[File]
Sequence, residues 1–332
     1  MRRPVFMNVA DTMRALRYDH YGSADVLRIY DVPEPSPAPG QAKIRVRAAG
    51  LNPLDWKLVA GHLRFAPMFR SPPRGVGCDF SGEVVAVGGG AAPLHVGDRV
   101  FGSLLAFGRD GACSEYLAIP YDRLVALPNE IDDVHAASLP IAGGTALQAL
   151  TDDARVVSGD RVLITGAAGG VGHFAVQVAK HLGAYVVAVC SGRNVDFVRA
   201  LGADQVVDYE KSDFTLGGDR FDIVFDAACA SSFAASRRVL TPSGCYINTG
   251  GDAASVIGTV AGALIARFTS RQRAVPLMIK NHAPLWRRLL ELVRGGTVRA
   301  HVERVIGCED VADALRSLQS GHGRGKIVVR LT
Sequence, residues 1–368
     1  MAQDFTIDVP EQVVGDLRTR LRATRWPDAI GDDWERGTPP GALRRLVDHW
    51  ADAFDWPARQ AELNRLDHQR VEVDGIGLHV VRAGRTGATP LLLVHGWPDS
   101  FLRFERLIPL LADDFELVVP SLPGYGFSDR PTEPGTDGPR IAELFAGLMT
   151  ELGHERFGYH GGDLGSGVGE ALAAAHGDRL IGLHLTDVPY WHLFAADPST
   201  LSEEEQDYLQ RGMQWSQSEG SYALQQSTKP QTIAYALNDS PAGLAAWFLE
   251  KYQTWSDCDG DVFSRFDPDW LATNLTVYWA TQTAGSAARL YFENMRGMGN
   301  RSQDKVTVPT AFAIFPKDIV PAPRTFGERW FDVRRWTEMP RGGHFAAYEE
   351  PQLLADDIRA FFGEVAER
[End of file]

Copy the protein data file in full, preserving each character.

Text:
Sequence, residues 1–332
     1  MRRPVFMNVA DTMRALRYDH YGSADVLRIY DVPEPSPAPG QAKIRVRAAG
    51  LNPLDWKLVA GHLRFAPMFR SPPRGVGCDF SGEVVAVGGG AAPLHVGDRV
   101  FGSLLAFGRD GACSEYLAIP YDRLVALPNE IDDVHAASLP IAGGTALQAL
   151  TDDARVVSGD RVLITGAAGG VGHFAVQVAK HLGAYVVAVC SGRNVDFVRA
   201  LGADQVVDYE KSDFTLGGDR FDIVFDAACA SSFAASRRVL TPSGCYINTG
   251  GDAASVIGTV AGALIARFTS RQRAVPLMIK NHAPLWRRLL ELVRGGTVRA
   301  HVERVIGCED VADALRSLQS GHGRGKIVVR LT
Sequence, residues 1–368
     1  MAQDFTIDVP EQVVGDLRTR LRATRWPDAI GDDWERGTPP GALRRLVDHW
    51  ADAFDWPARQ AELNRLDHQR VEVDGIGLHV VRAGRTGATP LLLVHGWPDS
   101  FLRFERLIPL LADDFELVVP SLPGYGFSDR PTEPGTDGPR IAELFAGLMT
   151  ELGHERFGYH GGDLGSGVGE ALAAAHGDRL IGLHLTDVPY WHLFAADPST
   201  LSEEEQDYLQ RGMQWSQSEG SYALQQSTKP QTIAYALNDS PAGLAAWFLE
   251  KYQTWSDCDG DVFSRFDPDW LATNLTVYWA TQTAGSAARL YFENMRGMGN
   301  RSQDKVTVPT AFAIFPKDIV PAPRTFGERW FDVRRWTEMP RGGHFAAYEE
   351  PQLLADDIRA FFGEVAER